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Improving pain care for combat injured soldiers and veterans


By Rosemary C. Polomano, PhD, RN, FAAN

Advances in battlefield trauma management have significantly improved survival among military personnel injured in the current Afghanistan and Iraq conflicts, compared to soldiers wounded in previous wars. Yet soldiers with serious combat injuries face devastating life-altering effects, such as major limb deformities, amputations, and traumatic brain injuries.

Combat injuries can damage the peripheral and central nervous systems, resulting in severe acute pain. In many cases, prolonged acute pain leads to complex chronic pain syndromes. After overcoming life-threatening consequences of their injuries, wounded soldiers commonly face prolonged recovery and rehabilitation marked by challenges in coping with persistent pain and the stress of reintegration into civilian life. Pain is a leading cause of veterans’ disability, and acute and chronic pain afflict military personnel and veterans in proportions far exceeding those of the general population.

Thousands of military service members have been injured in Iraq and Afghanistan, and many receive care in military and Veterans Affairs (VA) healthcare facilities. Eventually, many are able to return to civilian life, where they require care in civilian health settings and encounter civilian nurses.

Nurses provide pain-management care to military personnel and veterans and promote transitions across all levels of care in the Department of Defense (DoD) and VA systems. Military nurses deliver care in military hospitals, VA medical centers, and primary care settings.

  • In deployed combat support hospitals, nurses deliver life-saving care for patients with devastating injuries and, in conjunction with other providers, make critical decisions regarding pain treatments in preparation for and during evacuation to other military treatment facilities.
  • At military hospitals, nurses participate in early and aggressive multimodal pain care, from initial hospitalization to rehabilitation.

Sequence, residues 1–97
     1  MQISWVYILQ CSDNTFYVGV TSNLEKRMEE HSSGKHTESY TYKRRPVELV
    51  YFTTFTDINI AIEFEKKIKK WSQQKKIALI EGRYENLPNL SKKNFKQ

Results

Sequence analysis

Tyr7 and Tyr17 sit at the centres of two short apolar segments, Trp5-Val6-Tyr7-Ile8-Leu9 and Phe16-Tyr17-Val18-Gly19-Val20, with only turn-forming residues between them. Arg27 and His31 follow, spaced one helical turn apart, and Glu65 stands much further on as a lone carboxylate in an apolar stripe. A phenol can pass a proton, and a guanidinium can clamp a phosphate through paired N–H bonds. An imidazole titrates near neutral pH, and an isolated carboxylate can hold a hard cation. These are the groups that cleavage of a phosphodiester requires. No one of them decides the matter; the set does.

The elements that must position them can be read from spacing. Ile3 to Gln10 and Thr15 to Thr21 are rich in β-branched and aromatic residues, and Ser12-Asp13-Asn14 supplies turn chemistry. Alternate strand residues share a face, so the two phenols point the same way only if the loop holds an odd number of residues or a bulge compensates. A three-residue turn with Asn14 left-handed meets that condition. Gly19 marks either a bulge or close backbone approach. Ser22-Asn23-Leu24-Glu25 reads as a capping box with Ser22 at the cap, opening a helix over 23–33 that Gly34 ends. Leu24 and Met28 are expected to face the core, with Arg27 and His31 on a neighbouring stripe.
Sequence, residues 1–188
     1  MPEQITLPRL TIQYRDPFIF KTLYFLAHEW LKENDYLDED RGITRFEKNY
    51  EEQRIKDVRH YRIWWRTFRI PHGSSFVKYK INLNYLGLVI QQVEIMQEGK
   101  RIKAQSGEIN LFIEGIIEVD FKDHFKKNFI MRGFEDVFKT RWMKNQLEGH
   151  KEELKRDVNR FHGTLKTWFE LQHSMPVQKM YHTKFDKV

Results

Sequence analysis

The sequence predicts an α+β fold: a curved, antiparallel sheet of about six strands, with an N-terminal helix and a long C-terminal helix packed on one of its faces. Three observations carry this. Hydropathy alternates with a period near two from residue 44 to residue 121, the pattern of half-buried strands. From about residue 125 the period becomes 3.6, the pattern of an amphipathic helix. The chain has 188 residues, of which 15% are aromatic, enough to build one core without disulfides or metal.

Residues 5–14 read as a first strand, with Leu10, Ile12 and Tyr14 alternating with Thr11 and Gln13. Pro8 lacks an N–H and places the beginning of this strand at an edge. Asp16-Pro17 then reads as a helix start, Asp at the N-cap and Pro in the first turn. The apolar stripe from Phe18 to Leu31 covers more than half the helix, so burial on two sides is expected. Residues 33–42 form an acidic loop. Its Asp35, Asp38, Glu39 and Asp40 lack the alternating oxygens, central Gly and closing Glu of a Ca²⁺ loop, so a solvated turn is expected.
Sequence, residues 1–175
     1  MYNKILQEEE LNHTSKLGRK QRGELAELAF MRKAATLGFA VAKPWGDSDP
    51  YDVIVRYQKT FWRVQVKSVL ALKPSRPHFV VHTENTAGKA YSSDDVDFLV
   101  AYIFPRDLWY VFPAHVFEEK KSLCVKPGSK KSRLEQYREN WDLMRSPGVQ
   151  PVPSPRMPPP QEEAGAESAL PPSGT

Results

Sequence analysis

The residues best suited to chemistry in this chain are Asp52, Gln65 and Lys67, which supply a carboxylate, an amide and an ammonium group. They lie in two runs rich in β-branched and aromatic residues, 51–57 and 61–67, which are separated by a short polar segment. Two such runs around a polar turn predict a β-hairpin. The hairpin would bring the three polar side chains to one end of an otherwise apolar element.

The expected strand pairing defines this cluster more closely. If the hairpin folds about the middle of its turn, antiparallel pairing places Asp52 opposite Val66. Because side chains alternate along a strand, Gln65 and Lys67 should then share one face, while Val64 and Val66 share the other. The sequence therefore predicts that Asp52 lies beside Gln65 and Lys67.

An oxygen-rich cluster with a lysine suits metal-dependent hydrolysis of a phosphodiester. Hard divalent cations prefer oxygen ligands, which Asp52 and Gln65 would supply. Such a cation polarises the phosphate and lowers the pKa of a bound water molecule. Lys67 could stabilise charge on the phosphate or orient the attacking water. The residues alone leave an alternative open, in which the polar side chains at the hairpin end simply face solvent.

• In VA medical centers, nurses contend with the aftermath of chronic pain and its management and assist veterans in their ongoing rehabilitation and reintegration into society.

Across all these levels of care, nurses assume responsibility for ensuring safe, high-quality pain management based on scientific knowledge, technical proficiency, effective collaboration, and patient and family advocacy. Specialized pain-management nursing care is provided throughout military and VA facilities in accordance with the 1996 Standards of Clinical Nursing Practice for Pain Management. In 1998, the American Society for Pain Management Nursing (ASPMN) issued its own Standards of Clinical Practice for the Specialty of Pain Management Nursing. As the primary professional organization representing the largest number of nurses specializing in pain management, ASPMN seeks to establish core competencies through a core curriculum and national certification exam.

This American Nurse Today special report examines scientific and literature based perspectives on management of acute and chronic pain in injured military personnel across the continuum of care in the military and VA health services. It complements a supplement to the June 2011 issue of The Federal Practitioner based on a live meeting of pain-management experts. The latter publication provides a more extensive discussion of our current understanding of pain mechanisms and the continuum of care for military personnel. It highlights models for effective pain management in place at many DoD and VA facilities—models that can be applied systemwide to achieve the goal of standardization of care for military personnel with pain. These care models are applicable to civilian healthcare facilities.

Effective pain management is a critical component of healthcare for soldiers and veterans. Nurses’ knowledge of the principles of pain management and analgesic pharmacotherapy, the patient and family-centered care they provide, and the trusting relationships they build with patients and families define professional nursing practice in alleviating pain and suffering and promoting health and well-being. We are indebted to our colleagues in military and VA nursing practice who devote their careers to serving our country through the expert
compassionate care they deliver.

Rosemary C. Polomano is an associate professor of pain practice at the University of Pennsylvania School of Nursing and an associate professor of anesthesiology and critical care (secondary) at the University of Pennsylvania School of Medicine in Phila

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